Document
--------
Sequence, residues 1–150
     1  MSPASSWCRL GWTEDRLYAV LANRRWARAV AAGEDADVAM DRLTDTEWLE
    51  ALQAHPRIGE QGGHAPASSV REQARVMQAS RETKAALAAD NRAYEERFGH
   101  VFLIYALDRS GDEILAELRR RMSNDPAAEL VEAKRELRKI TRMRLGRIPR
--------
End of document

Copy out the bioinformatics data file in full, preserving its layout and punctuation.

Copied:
Sequence, residues 1–150
     1  MSPASSWCRL GWTEDRLYAV LANRRWARAV AAGEDADVAM DRLTDTEWLE
    51  ALQAHPRIGE QGGHAPASSV REQARVMQAS RETKAALAAD NRAYEERFGH
   101  VFLIYALDRS GDEILAELRR RMSNDPAAEL VEAKRELRKI TRMRLGRIPR